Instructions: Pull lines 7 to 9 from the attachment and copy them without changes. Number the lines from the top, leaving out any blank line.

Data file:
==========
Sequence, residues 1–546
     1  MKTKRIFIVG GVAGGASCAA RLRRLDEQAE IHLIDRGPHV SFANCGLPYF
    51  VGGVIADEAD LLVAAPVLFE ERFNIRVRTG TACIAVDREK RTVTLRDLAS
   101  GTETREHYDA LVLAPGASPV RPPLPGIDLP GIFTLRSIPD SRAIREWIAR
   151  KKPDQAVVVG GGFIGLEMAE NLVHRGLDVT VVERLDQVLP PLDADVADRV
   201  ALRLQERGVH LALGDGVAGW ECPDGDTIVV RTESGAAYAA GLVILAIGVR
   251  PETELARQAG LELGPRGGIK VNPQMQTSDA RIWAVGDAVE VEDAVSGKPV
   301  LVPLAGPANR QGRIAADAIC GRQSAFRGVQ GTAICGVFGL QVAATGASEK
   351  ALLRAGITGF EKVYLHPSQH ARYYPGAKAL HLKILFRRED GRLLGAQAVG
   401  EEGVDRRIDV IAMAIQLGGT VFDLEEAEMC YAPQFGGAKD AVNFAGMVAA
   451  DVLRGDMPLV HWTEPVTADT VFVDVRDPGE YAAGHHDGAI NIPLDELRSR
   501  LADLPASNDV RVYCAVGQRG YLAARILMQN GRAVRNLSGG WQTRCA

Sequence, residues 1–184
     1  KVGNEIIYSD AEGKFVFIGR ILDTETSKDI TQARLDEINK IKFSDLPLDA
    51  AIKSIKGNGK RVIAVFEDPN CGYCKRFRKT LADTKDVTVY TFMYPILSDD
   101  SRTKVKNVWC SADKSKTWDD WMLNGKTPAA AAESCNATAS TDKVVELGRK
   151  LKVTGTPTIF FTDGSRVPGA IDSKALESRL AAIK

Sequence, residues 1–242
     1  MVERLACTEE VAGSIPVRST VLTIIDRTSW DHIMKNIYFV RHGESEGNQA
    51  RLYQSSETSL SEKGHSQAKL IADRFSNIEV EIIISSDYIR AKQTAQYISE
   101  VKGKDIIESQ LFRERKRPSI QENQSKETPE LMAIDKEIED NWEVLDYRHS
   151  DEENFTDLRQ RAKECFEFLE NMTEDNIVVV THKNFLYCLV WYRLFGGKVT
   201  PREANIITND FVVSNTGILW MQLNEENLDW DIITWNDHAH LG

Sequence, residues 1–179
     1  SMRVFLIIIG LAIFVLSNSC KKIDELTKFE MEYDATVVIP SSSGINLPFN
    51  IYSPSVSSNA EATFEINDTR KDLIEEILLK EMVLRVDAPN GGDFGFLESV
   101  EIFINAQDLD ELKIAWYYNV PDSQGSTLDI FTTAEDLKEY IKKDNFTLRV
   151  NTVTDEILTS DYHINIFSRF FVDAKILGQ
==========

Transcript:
   251  PETELARQAG LELGPRGGIK VNPQMQTSDA RIWAVGDAVE VEDAVSGKPV
   301  LVPLAGPANR QGRIAADAIC GRQSAFRGVQ GTAICGVFGL QVAATGASEK
   351  ALLRAGITGF EKVYLHPSQH ARYYPGAKAL HLKILFRRED GRLLGAQAVG